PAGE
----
years old. I started learning how to play golf when I was 50 years old.
           For  the  first 40 years or so I thought the secret to golf was a perfect
swing. I spent endless hours, thousands of practice balls and a ton of money
working on proper grip, left arm straight, slow take away, pause at the top,
start down  slow etc etc etc.  I was among  that 97% of golfers mired  in  the
mechanics of the swing. Hey, that’s what I was told from day one!
           I developed a pretty good swing  (only  took 40 years). Actually even
as a kid I had a pretty natural swing. My first instructor was a man named Jr.
Hardwick (don’t remember his real first name) who was the pro at Webb Air
Force base  in Big Spring Texas.  I think Jr. and his brother Billy had some
moderate  success  on  the  PGA  tour  back  in  those  days.  I  have  also  taken
lessons,  at  one  time  or  the  other,  from  Jack Mann,  Steve  Johnson, Hank
Haney, Jackie Cupit, and several other professionals.
           The point of mentioning all these great teachers is to say that I have
learned a pretty good understanding of  the mechanical swing. Give me ten
minuets to warm up on the range and I can still beat the driver to the fence
and hit wedges into the barrels. And I’m 61 now.
           Around age 45 I decided to pursue my dream of playing professional
golf.  I  played  the Texas mini  tours.  I went  to Florida  several winters  and
played  the Tommy Armour Tour  and  several  others.  I went to the Senior Tour Qualifing
school three times. I made it to the second round once. I  played  some  decent
rounds. I played some not so decent rounds. I worked hard on the range and
I worked hard on my swing.
           After  four  and  a  half  years  of  grinding  hard  on  the  mini  circuits,
here’s what I learned. I learned that I was getting beat by guy’s who did not
swing any better than me. They couldn’t hit it any farther than me and they
couldn’t hit it any straighter than me! They were not better putters than me
and their short games were not better than mine! Were they just luckier than
me? No (although I must say I thought that sometimes) The only thing they
did better than me was score! wtf! Maybe I’m not pronating my left arm on
the backswing.
           It  became  obvious  that  I  wasn’t  playing  with  a  full  bag.  All  my
coaches had  touched on  the “mental game” at one  time or another, but  for
some  reason  the  importance  just never  stuck. But  something was missing.
So, six months before my fiftieth birthday, I changed the way I had thought,
for nearly forty years,  about golf. I didn’t realize it at the time, but this was
when I started learning how to play golf.
           We’ve all watched golf on TV. I have for as long as I can remember. I
always watched  the  swings  and  listened  to  the  commentators  describe  the
shots. “Notice how  the club  face  is open”, “See  the  left shoulder go under
the  chin”,  “Notice  that  the  crease  on  the  left  pant  leg  is  pointing  toward
Jupiter” ad infinitum. And I would be on the practice tee the next day trying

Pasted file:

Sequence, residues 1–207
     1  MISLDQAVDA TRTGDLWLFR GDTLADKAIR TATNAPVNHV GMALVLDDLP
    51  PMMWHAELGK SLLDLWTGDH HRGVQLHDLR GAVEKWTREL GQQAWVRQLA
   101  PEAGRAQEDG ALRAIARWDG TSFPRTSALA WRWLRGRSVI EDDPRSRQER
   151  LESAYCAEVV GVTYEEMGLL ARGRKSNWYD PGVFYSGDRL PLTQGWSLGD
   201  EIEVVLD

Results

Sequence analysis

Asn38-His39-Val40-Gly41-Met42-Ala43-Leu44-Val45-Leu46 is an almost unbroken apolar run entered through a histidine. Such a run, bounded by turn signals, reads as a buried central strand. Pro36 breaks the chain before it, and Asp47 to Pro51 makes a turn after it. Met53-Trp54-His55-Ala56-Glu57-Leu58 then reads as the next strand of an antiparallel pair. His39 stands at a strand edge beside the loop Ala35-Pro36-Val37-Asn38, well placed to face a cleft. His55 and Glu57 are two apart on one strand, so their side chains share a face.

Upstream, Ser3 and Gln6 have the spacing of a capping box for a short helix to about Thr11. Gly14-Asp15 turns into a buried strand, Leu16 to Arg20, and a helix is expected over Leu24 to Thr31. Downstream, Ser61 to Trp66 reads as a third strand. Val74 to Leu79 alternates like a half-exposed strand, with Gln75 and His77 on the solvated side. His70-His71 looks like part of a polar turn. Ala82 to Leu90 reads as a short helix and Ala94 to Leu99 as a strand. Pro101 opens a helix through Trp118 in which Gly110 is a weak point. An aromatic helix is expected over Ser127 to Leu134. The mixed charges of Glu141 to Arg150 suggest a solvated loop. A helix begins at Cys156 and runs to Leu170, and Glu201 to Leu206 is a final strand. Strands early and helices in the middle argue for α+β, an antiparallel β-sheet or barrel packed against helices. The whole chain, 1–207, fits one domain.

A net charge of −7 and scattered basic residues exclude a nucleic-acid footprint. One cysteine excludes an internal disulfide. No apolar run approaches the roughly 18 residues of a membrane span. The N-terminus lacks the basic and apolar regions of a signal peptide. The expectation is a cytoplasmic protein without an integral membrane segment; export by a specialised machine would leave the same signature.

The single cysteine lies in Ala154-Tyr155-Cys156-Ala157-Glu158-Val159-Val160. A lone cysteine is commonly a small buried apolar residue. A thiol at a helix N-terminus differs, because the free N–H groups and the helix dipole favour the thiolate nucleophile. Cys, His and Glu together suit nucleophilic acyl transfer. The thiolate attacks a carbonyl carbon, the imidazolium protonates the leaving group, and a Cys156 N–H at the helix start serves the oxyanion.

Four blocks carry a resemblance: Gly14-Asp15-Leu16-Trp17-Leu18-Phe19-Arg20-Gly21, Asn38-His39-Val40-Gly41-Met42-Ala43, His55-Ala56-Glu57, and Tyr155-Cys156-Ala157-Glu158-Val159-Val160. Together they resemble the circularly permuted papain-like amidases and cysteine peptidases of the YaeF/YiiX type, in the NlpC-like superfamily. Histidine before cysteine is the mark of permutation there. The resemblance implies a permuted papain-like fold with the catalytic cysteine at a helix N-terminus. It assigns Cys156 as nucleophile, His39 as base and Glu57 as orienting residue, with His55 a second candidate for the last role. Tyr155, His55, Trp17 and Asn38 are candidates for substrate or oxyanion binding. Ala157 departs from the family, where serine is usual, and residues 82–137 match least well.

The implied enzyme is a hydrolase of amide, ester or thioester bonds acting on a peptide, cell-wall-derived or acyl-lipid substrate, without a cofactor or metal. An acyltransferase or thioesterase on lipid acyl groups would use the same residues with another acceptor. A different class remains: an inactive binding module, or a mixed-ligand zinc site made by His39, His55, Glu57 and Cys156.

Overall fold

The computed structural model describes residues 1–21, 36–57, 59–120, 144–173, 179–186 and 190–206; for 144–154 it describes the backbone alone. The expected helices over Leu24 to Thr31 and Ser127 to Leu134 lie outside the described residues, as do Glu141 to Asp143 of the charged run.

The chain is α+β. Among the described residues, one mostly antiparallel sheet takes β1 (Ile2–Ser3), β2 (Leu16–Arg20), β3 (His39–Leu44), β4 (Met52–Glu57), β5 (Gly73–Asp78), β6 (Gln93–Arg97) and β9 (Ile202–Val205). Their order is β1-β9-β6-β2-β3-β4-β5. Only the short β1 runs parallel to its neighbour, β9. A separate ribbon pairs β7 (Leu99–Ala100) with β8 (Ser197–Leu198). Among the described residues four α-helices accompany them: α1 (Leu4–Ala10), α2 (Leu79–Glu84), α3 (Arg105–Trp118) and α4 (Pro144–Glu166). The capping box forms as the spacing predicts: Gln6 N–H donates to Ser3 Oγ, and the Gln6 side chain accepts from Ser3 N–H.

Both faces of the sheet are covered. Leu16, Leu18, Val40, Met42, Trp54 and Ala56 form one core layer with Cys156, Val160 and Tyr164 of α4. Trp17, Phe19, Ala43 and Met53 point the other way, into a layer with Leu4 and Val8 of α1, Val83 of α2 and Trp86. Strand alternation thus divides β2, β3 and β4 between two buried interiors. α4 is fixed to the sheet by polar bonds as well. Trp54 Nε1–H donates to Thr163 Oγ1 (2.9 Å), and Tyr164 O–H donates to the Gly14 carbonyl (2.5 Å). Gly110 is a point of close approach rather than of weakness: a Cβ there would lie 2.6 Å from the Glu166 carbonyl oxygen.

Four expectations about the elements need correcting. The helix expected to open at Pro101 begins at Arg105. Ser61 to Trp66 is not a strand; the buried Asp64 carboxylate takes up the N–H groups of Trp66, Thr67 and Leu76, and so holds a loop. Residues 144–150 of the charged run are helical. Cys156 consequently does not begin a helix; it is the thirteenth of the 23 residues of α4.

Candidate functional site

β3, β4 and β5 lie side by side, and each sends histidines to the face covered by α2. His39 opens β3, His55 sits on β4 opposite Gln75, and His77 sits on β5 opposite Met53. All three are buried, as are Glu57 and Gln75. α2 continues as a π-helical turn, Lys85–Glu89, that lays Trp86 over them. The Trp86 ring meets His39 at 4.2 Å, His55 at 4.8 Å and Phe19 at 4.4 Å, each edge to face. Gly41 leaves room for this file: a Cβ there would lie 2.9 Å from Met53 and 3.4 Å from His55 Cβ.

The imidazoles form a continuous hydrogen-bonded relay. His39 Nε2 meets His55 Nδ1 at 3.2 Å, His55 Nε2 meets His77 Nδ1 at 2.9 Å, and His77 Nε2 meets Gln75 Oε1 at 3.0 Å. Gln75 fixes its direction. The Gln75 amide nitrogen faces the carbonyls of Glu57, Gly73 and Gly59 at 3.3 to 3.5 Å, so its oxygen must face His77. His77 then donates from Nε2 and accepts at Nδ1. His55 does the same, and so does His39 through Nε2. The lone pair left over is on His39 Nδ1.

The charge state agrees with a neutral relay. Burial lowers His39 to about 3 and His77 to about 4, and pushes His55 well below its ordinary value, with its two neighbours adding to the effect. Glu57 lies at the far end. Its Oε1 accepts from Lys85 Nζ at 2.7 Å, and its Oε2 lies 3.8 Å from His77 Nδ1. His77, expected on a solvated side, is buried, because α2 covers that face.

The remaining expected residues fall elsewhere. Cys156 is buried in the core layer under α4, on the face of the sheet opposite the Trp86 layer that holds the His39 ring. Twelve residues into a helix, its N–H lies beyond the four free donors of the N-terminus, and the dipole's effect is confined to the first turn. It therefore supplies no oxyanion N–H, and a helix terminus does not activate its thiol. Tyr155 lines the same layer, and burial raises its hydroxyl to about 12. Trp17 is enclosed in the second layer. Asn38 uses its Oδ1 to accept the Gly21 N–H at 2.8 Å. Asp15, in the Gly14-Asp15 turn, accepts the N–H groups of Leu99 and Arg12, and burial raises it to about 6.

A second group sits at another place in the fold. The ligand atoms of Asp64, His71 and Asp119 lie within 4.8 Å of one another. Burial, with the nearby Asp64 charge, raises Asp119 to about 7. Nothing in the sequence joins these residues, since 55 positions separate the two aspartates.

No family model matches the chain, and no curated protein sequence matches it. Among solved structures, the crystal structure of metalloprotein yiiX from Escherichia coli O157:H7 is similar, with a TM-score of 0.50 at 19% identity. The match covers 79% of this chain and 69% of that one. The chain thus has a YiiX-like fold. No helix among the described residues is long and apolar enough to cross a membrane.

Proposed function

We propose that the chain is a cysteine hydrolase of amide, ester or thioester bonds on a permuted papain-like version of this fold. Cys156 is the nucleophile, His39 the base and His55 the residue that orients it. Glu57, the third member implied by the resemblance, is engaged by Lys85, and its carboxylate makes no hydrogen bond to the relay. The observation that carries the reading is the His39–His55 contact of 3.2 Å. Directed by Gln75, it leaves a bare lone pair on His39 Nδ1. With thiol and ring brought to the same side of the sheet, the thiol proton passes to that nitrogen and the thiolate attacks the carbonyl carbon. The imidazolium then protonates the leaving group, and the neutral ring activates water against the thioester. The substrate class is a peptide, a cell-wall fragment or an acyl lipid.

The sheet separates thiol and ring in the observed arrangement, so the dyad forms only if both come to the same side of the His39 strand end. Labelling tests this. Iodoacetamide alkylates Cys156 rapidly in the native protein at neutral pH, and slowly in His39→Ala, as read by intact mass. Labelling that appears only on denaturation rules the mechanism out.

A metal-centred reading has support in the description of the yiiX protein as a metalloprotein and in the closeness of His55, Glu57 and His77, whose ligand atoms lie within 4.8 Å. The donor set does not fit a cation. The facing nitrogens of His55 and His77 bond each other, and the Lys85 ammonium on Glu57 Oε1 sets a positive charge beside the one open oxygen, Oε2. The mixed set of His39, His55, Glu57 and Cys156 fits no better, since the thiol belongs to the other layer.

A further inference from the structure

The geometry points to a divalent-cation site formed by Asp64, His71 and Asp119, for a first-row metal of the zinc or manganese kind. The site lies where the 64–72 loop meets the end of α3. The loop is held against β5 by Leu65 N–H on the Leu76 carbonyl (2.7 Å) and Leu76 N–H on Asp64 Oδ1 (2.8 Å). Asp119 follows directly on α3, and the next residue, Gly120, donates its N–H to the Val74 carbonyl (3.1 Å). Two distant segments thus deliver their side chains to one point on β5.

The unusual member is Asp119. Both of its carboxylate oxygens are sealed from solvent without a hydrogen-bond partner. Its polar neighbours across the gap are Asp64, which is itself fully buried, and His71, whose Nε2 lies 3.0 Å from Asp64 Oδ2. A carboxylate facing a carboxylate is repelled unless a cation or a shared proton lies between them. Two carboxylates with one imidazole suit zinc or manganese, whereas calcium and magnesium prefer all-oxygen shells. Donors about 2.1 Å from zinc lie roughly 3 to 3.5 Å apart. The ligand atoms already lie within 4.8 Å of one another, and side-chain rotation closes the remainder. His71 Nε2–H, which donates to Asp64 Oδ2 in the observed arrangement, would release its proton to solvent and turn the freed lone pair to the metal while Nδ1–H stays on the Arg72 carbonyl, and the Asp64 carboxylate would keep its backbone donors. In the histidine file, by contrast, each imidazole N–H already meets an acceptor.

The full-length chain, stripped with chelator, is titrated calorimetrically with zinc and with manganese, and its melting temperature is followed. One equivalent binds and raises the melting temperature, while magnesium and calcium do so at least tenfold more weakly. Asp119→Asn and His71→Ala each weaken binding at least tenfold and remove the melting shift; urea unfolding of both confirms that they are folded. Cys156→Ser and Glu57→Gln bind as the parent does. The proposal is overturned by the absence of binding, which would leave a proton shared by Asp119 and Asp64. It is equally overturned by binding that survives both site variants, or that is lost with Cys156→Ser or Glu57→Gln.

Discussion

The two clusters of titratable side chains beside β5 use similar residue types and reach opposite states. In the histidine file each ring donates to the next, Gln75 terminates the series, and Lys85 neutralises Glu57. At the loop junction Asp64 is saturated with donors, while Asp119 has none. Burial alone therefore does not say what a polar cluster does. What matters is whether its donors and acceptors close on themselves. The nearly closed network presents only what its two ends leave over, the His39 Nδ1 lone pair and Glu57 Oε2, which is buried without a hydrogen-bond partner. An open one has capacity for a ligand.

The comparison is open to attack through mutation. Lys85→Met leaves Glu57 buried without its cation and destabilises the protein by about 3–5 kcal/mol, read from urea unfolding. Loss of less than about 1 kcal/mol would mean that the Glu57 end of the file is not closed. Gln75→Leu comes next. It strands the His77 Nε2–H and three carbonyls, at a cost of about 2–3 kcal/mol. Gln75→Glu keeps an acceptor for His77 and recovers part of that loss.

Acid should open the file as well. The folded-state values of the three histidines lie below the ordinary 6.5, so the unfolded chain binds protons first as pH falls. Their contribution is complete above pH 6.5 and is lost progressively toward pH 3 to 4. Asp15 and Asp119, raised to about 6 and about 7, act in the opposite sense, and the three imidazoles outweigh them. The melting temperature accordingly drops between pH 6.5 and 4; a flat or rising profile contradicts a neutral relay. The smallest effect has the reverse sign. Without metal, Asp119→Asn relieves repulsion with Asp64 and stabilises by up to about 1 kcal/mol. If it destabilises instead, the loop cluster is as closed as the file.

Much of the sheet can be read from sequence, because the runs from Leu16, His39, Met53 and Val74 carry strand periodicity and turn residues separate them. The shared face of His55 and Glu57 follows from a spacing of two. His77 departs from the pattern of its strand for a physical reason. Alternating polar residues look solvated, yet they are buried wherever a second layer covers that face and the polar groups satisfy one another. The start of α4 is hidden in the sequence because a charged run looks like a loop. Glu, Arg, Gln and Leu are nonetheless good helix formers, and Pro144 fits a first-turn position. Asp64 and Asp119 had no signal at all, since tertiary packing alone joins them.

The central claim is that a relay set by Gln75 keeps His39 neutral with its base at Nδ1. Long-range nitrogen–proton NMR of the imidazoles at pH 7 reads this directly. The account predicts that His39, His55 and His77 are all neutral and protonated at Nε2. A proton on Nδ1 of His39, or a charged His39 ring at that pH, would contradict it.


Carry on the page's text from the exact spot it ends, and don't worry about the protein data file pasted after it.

to figure out which direction Jupiter was. I had never tried to figure out how
the  great  players  were  thinking!  Once  I  changed  my  attention  to  their
thoughts, I came up with a whole new set of questions.
           What were the top players thinking just before a shot (routine). What
were  they  thinking  during  the  swing? And most important, what  were  they
thinking  after  the shot? How was it that they seemed to handle the “bad” shots so well? 
           The more I watched in this new way, the more obvious it became that
they  all  had  sound  games,  but  they  also  had  a way  of  thinking  that was
producing  the  results  they  wanted! More  importantly,  they  had  a way  of
thinking  that  allowed  them  to  deal with  the  adversities  of  a  round. They
might show a little disgust at a “bad” shot, but I noticed that the displeasure
was almost always gone within a few seconds. How cool would it be to not
be upset at a “bad” shot? (not to let it carry over to the next shot)
How cool would  it be  to walk off  the eighteenth
green  feeling  as  peaceful  as  you were on  the  first  tee? Even  if you didn’t
play as well as you had hoped! I could see that these guy’s were, somehow,
doing  this. The best way  I’ve  found  to describe  it  is  they were having  fun
and they had learned how to let WHATEVER happened be ok!
            So what does let whatever happens be ok mean? Lets start with what it does not mean.
It doesnt mean you dont care what hapens. It doesnt mean you shouldnt have goals
and work hard to get what you want. It doesnt mean you shouldnt have fun and enjoy
what you are doing. It simply means that you can choose not to experience all the
negative emotions that go with unwanted outcomes. Once you understand that negative
outcomes are not your enemy, your ready to climb the ladder.

Next - The Game of Black and White

Re: mental attitude
« Reply #27 on: March 11, 2009, 07:45:49 PM »
I sounds like the NFL phrase,"Let the game come to you". You know, this stuff could be really maddening to someone who's worked their arse off practicing everything under the sun only to hear you say, " let whatever happen be ok". I got into playing pool for a while and I found this book, "Pleasures in Small Motions". The biggest point made was about how we have to remind ourselves why we are in the sport we play, because we enjoy it, it's fun. Play is fun and it is the best when it is fun. And then, myself, I have to remember that it is the most fun to win as I sometimes seem to lose my drive to win. Maybe it's my age. I'll be looking forward to The game of Black and White. I don't know if anyone else is enjoying your posts but I love this stuff.

Re: mental attitude
« Reply #28 on: March 11, 2009, 08:16:48 PM »
did you read the last paragraph? Working your arse off is how you develope the "software" you need to execute. But what the big boys know how to use that software. I have a good schtick on how to get the most out of parctice. gotta lay the ground work first.

Offline bbtuna

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Re: mental attitude
« Reply #29 on: March 11, 2009, 10:42:04 PM »
good foundations for a foosball book...keep it coming friend